The purpose of this study was to assess the prevalence of sinusitis in a nonselected sample of children, and the relation of sinusitis to allergic rhinitis (AR), atopy, asthma, and cough in the same population sample. Of 1246 children enrolled at birth in the Tucson Children's Respiratory Study, 835 were studied at a mean age ± SD of 8.6 ± 0.7 years. Questionnaires asking about MD-Sinusitis, MD-AR, MD-Asthma, and cough were completed by parents. Skin tests for seven common aeroallergens in the Tucson area had been performed in 630 of the participating children at the mean age ± SD of 6.3 ± 0.9 years. Prevalence of MD-Sinusitis was 13.1%; 78% of subjects with MD-Sinusitis also had MD-AR. Detailed analysis of the relation between MD- Sinusitis and individual environmental allergens tested for showed that only a response to Bermuda grass pollen was significantly associated with MD- Sinusitis after controlling for MD-AR [adjusted odds ratio 2.3 (95% CI 1.2- 4.3)]. Having MD-Sinusitis was also significantly associated with MD-Asthma and cough [odds ratios 3.0 (95% CI 1.8-5.2)] and 2.5 (95% CI 1.6-3.8), respectively]. However, logistic regression demonstrated that, after controlling for MD-AR and skin test reactivity, MD-Sinusitis was no longer significantly associated with MD-Asthma or cough. We conclude that MD- Sinusitis is a common condition in childhood. The main independent risk factors in our community for MD-Sinusitis were grass pollen and current MD- AR. MD-Sinusitis was not associated with MD-Asthma or with cough after controlling for skin test reactivity and for MD-AR.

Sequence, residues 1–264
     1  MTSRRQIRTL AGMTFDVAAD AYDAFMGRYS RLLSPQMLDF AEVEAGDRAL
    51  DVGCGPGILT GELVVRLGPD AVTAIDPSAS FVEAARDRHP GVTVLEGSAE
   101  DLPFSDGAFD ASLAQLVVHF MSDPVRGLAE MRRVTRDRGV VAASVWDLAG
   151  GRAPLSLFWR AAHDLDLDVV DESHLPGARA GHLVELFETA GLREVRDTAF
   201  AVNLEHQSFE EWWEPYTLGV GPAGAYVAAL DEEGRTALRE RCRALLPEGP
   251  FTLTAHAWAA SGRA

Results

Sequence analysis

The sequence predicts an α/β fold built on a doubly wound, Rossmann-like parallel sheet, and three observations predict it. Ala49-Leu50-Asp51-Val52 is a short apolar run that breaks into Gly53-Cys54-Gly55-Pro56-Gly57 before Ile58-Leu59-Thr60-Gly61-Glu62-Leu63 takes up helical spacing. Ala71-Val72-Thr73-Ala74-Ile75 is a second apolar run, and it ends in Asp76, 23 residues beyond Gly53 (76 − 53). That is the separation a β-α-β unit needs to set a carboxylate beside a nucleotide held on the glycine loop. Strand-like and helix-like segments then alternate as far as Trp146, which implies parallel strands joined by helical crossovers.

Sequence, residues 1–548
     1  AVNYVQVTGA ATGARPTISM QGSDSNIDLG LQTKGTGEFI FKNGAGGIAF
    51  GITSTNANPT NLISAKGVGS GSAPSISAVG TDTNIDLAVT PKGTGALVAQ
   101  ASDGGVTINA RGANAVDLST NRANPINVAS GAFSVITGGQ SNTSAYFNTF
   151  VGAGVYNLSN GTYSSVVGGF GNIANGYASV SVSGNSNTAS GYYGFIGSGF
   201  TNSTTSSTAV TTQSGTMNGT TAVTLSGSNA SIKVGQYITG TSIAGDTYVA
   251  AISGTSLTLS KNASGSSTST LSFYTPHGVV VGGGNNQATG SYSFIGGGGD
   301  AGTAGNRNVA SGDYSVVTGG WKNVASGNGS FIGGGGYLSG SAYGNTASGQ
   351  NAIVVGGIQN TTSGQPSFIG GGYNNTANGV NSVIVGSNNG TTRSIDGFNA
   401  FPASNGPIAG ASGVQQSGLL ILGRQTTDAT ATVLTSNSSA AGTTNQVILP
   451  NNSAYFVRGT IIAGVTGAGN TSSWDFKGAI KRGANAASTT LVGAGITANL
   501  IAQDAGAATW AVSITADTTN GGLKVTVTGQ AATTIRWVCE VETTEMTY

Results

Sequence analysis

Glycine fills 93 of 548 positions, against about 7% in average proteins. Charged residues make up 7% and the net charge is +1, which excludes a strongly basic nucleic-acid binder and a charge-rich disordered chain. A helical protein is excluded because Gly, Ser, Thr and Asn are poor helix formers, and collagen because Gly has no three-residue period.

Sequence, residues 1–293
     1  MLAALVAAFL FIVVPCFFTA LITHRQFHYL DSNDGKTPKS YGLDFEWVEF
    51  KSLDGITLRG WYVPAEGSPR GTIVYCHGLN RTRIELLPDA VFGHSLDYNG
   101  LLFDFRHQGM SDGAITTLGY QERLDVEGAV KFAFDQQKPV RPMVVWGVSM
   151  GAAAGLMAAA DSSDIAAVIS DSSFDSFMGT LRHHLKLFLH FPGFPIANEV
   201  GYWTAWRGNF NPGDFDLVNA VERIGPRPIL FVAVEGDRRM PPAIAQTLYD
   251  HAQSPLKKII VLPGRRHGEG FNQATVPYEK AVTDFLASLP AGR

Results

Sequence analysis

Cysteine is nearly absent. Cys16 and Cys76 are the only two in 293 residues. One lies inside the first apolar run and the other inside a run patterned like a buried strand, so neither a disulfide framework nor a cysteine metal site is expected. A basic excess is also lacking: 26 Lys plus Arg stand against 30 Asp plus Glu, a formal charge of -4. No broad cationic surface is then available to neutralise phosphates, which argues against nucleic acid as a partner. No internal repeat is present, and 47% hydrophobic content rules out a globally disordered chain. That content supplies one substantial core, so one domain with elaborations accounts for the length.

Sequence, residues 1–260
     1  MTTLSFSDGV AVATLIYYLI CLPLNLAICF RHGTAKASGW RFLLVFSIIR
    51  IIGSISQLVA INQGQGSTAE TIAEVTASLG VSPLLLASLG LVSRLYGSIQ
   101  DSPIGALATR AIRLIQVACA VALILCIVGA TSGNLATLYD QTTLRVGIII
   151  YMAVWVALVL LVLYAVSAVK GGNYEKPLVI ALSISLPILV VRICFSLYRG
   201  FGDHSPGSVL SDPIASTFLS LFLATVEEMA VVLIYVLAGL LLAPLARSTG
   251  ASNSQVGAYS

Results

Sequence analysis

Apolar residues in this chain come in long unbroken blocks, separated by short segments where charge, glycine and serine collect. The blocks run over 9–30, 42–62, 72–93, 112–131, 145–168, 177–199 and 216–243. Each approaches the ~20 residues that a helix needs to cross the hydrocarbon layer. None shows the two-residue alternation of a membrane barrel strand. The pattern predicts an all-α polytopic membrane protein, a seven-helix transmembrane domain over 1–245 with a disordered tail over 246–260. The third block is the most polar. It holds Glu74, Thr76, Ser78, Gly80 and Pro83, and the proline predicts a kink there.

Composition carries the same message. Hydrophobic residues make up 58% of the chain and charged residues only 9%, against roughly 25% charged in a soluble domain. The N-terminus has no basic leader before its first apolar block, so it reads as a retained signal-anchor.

|Original language||English (US)|
|Number of pages||6|
|State||Published - Sep 1 1996|
- allergic rhinitis
ASJC Scopus subject areas
- Pediatrics, Perinatology, and Child Health
- Pulmonary and Respiratory Medicine